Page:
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Is the UK's trade policy hindering fair competition?

The UK's Minister for International Trade joined the British Poultry Council's roundtable on UK-EU trade disruptions on 4 February.

8 February 2021, at 7:18am

It is over a month since Britain departed the EU single market and customs union. British poultry meat producers are working incredibly hard to adapt to the new trade arrangements unveiled on Christmas Eve and implemented on 1 January. Overnight the industry went from being able to freely move product to being considered a third country and a risk to the EU's food safety, animal health, and plant health regimes.

The British Poultry Council and leading thinktank ResPublica hosted a virtual roundtable on 4 February to discuss the new trade deal with Europe and what this really means for food producers and consumers in the UK. The roundtable highlighted the trade barriers faced by UK as a third country and ways in which Government can support producers to minimise impact on flow of foods and ensure businesses remain viable.

The poultry meat sector has been dealing with significant challenges thrown up by the new UK-EU trading regime that it had a handful of days to implement, and which has made it more difficult and more costly to trade. Every delay, rejected load, and additional piece of documentation ultimately means higher cost of production and yet more barriers to the competitiveness the Government is so desperate to realise.

Speaking at the roundtable, British Poultry Council, Chief Executive, Richard Griffiths said: “The purpose of British food production is to feed people. We sometimes lose sight of the fact that everybody has to eat. For the poultry meat sector, chicken particularly, is half the meat the country eats. It is a quality affordable protein for a large number of people. British food production and food security needs healthy trade…This is not about protectionism; it is about a trade policy that promotes fair competition across a broad range, and one that supports our domestic production.”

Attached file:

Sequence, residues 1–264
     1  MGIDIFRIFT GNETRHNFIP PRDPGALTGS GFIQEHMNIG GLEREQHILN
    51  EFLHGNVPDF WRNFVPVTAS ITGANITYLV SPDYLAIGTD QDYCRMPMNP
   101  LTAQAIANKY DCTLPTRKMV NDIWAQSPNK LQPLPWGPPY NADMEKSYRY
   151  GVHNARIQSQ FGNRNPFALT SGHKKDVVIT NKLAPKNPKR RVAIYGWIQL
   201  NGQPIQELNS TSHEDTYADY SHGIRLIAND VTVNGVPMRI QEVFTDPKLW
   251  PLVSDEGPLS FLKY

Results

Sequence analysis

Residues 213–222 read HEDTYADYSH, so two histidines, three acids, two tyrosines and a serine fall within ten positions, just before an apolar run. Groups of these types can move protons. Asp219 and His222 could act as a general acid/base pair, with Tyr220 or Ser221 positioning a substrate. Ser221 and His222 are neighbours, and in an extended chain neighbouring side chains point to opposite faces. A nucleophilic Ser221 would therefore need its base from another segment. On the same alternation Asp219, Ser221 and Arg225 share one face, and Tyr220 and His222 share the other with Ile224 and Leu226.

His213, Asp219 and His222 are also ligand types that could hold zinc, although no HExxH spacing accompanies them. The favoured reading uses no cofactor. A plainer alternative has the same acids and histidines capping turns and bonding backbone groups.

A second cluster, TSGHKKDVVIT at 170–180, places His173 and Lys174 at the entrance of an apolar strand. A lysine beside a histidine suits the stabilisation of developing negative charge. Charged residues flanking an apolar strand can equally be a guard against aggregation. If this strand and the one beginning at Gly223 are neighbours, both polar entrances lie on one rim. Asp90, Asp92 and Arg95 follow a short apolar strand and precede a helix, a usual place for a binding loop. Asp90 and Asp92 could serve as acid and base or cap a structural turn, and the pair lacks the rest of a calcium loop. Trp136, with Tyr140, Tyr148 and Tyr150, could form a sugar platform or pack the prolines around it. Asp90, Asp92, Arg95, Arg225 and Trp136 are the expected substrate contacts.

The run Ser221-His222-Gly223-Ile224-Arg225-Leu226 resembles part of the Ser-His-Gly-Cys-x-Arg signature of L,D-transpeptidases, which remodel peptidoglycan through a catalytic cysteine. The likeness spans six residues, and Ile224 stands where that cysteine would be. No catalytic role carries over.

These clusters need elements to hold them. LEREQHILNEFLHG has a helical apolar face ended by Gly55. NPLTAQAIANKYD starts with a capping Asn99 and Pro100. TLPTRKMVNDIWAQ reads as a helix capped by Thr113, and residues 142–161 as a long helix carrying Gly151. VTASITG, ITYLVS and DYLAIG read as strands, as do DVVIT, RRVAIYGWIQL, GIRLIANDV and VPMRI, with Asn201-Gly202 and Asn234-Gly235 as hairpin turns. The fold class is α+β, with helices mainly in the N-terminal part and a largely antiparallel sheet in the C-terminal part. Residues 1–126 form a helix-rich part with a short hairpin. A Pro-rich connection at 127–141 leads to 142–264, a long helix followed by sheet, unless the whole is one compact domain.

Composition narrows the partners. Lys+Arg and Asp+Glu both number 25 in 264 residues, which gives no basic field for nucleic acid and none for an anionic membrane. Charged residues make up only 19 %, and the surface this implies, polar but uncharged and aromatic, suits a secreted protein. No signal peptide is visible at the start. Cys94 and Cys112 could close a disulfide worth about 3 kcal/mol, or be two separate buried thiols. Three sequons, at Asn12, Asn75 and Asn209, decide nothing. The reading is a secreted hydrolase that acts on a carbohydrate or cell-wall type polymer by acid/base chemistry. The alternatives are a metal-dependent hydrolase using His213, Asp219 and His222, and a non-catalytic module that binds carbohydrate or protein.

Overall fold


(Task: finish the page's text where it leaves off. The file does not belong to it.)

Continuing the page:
Philip Blond, Director, ResPublica emphasised the need for food imports to be produced to similar standards as the UK. He said: “Allowing imports that have a massive competitive advantage because of standards will create a two-tier food system in this country. What can the Government do to avoid this?”

Ranil Jayawardena MP, Minister for International Trade reaffirmed the Government’s commitment to ensure trade deals support the viability of British producers and remove barriers to trade. He said: “We are determined to grow Britain’s food and drink exports - bringing jobs and economic benefits to every corner of our country - as we set sail to trade with the world.”

The line-up of speakers included

  • Ranil Jayawardena MP – Minister for International Trade
  • Dr. Elitsa Garnizova – Principal Investigator, Trade Policy Hub, LSE
  • Richard Griffiths – Chief Executive, British Poultry Council
  • Nick von Westenholz – Director, Trade and Business Strategy, NFU
  • Phillip Blond – Director, ResPublica (Chair)

You can watch the video recording of the roundtable here.